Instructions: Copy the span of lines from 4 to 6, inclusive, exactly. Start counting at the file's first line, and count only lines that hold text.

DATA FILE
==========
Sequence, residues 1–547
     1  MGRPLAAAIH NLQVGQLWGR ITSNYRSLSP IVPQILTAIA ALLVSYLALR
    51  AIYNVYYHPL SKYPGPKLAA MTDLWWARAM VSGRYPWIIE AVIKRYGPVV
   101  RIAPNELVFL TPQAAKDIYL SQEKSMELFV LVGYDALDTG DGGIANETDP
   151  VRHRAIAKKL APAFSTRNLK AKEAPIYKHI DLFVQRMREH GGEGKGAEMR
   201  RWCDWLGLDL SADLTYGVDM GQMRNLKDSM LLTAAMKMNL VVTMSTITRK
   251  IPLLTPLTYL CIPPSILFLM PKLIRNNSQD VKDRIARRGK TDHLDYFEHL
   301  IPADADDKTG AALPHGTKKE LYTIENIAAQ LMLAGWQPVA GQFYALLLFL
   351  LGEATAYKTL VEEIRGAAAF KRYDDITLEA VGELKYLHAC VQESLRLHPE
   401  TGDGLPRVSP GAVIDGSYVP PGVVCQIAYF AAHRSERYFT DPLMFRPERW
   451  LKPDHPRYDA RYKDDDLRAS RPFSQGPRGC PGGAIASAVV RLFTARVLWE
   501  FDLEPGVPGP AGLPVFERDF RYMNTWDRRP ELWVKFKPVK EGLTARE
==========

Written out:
   101  RIAPNELVFL TPQAAKDIYL SQEKSMELFV LVGYDALDTG DGGIANETDP
   151  VRHRAIAKKL APAFSTRNLK AKEAPIYKHI DLFVQRMREH GGEGKGAEMR
   201  RWCDWLGLDL SADLTYGVDM GQMRNLKDSM LLTAAMKMNL VVTMSTITRK